Whether you’ve had COVID-19 or not, it’s reasonable to be concerned about the news that post-COVID (a.k.a. long haul COVID) can cause digestive issues. After all, if you suffer from GERD, IBS, IBD, or another gastrointestinal condition, you’re already dealing with enough stomach problems.
The bad news is that the latest research suggests that COVID-19 really can cause GI symptoms, even after you recover. The good news is that there are plenty of evidence-backed ways to treat those symptoms. But before we get to that, let’s talk about how COVID-19 impacts your digestive system.
When you think about signs of COVID-19, your mind probably goes to coughing or anosmia (the scientific term for losing your sense of smell). If so, you might be surprised to hear that studies show that more than half of people with COVID-19 experience at least one gastrointestinal symptom. In fact, the first confirmed COVID patient in the U.S. suffered two days of nausea, vomiting, and diarrhea. Most people with COVID-19 experience respiratory symptoms with or without digestive problems, but up to 20% have exclusively GI symptoms, making it particularly tough to tell what’s going on.
COVID-19 can cause these digestive symptoms, in addition to the lack of taste that accompanies anosmia:
Unfortunately, gastrointestinal symptoms have been correlated with worse health outcomes in COVID-19 patients, including more complications and double the risk of ending up in the ICU. To make matters worse, people with certain digestive conditions, like ulcerative colitis and Crohn’s disease, are more likely to both catch COVID-19 (because treatment often weakens the immune system) and experience severe GI symptoms if they do.
If you’re wondering why a disease you might’ve thought was mainly respiratory has such a big impact on your digestive system, you’re in good company: Scientists are still trying to figure that out themselves. So far, what we do know is that COVID-19’s destructive effects spread far beyond the lungs, and the virus may directly attack the gastrointestinal tract.
It’s becoming increasingly clear that the battle with COVID-19 doesn’t always end when you test negative. While we know that not everyone who contracts COVID-19 later develops long haul COVID, we still don’t know how common it is—one study estimated that 10% of COVID-19 patients become post-COVID patients, but another found that most people still had at least one COVID symptom six months after catching it.
These are the key symptoms of long haul COVID:
Just like COVID-19, post-COVID can also cause digestive issues that aren’t talked about as often as other symptoms. Let’s break those down.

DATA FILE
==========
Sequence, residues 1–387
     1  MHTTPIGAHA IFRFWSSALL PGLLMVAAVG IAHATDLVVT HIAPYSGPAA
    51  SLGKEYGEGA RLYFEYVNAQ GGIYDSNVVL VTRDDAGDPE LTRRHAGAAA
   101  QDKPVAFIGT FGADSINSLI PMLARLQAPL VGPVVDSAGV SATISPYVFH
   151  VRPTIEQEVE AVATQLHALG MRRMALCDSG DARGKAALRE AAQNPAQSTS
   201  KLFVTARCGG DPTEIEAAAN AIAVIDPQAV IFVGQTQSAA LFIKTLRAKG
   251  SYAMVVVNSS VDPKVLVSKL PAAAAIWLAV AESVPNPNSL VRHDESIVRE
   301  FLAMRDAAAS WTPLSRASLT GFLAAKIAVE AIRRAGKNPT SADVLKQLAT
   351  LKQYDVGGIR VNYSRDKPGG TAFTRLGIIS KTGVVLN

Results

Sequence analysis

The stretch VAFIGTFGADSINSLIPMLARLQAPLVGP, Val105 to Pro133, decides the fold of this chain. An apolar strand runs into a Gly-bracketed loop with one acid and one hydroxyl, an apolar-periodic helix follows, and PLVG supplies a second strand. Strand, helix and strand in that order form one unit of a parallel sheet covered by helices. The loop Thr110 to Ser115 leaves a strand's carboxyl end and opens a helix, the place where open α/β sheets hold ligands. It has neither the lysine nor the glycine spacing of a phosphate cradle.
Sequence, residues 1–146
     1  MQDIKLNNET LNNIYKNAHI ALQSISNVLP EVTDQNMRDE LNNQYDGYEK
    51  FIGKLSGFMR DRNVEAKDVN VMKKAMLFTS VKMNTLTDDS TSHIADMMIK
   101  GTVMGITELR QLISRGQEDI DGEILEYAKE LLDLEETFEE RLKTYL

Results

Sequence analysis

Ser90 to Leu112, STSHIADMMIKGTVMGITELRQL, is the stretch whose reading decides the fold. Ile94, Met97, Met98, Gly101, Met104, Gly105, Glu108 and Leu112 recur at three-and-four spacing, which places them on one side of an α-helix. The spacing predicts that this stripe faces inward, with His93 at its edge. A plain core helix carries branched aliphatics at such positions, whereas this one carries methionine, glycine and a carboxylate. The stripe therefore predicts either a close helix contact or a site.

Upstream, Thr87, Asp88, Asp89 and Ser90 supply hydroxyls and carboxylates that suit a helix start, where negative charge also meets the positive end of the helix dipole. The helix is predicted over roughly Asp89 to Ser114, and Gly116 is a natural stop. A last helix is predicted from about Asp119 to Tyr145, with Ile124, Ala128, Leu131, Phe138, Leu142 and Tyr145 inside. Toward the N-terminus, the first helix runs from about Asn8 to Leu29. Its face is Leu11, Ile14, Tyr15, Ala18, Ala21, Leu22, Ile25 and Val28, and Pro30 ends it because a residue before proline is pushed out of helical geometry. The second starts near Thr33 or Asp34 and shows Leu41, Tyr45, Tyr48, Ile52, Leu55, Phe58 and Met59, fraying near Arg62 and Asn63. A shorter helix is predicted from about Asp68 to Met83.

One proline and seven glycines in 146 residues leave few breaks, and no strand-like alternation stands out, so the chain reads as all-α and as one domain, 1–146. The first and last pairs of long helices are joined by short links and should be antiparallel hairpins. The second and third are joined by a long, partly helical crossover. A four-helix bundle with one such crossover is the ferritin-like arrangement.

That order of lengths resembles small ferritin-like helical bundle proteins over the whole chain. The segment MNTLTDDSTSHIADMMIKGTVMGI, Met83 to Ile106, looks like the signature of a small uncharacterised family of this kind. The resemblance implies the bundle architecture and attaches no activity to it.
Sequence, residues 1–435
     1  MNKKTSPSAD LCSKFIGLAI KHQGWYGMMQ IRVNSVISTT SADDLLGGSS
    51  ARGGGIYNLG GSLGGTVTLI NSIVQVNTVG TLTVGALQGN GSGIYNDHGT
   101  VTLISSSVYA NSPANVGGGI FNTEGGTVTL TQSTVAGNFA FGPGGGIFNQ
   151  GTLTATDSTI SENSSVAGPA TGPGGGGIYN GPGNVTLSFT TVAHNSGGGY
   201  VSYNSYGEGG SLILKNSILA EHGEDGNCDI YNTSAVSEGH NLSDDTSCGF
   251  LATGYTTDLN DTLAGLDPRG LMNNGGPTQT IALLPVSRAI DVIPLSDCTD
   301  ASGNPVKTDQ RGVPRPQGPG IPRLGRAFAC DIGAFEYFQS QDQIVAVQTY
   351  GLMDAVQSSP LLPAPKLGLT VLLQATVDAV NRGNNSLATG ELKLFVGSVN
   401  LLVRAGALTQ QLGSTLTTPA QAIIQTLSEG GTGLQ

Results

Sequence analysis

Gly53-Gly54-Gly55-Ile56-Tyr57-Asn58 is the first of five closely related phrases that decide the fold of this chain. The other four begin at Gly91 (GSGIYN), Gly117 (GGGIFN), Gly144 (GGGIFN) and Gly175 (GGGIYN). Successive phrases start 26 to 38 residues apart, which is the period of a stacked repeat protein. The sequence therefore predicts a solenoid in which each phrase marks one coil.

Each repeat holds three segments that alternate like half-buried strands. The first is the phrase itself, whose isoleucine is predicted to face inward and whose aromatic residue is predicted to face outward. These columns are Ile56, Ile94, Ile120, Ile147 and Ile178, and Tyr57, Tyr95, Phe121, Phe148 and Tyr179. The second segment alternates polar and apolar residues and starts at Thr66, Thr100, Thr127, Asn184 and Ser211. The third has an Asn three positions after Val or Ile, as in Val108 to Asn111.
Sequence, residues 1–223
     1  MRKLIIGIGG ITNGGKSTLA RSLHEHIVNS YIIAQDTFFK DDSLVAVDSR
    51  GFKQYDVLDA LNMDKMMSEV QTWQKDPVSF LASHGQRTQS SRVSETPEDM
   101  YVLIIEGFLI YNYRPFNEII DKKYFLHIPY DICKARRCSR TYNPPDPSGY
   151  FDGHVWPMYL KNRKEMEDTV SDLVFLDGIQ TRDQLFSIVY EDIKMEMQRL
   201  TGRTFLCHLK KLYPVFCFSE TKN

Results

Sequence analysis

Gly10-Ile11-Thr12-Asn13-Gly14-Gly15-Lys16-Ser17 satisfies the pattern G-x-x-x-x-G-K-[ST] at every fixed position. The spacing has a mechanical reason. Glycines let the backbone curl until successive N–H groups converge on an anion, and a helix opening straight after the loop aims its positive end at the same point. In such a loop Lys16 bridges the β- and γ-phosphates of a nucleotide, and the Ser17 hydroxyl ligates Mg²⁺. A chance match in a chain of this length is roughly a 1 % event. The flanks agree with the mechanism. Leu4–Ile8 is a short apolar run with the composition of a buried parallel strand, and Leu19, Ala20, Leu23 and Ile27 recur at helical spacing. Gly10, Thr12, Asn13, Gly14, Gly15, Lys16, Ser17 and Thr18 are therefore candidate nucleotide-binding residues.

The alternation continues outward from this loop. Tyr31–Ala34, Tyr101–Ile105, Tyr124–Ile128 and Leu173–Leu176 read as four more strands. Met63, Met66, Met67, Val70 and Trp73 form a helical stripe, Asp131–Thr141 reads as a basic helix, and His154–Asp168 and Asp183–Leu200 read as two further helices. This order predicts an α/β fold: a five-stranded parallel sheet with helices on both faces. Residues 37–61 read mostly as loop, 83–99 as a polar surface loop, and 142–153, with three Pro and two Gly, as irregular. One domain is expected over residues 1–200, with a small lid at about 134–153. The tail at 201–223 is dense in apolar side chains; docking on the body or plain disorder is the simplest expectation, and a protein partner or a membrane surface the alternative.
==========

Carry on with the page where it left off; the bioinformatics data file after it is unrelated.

It’s actually common for viral infections like the coronavirus to wreak havoc on the digestive tract. In a condition called “post-infectious dysmotility”, your body fights off the actual infection, but continues to experience irregularity (ie. constipation, diarrhea, or both). These symptoms usually disappear within weeks or months.
Unfortunately, long haul COVID can cause more trouble than messing up your bathroom schedule (and that’s bad enough on its own). Post-COVID patients have also reported ongoing loss of appetite, nausea, bloating, heartburn, and other acid reflux symptoms. Researchers suspect this could be because receptor cells targeted by the coronavirus are found throughout the gastrointestinal tract.
On the bright side, post-COVID digestive symptoms seem to be responding to the same treatments that are normally prescribed for them. That means you can continue relying on your usual antacids, H2 blockers, or PPIs after you recover from COVID-19. Just be sure to reach out to a healthcare professional if you experience a sudden uptick in your GI symptoms, even if you aren’t seeing other signs of COVID.
We know that all this can be hard to hear when you’re worried about avoiding catching a dangerous virus and keeping your digestive symptoms under control. The upside is that as long as you’re taking the proper COVID safety precautions and sticking to your existing treatment regimen for your GI issues, you’re already doing the most you can to keep yourself healthy. Just be sure to talk to a doctor about any new or more severe post-COVID stomach issues you experience.
The information provided in this article is not a substitute for professional medical advice, diagnosis, or treatment. You should not rely upon the content provided in this article for specific medical advice. If you have any questions or concerns, please talk to your doctor.
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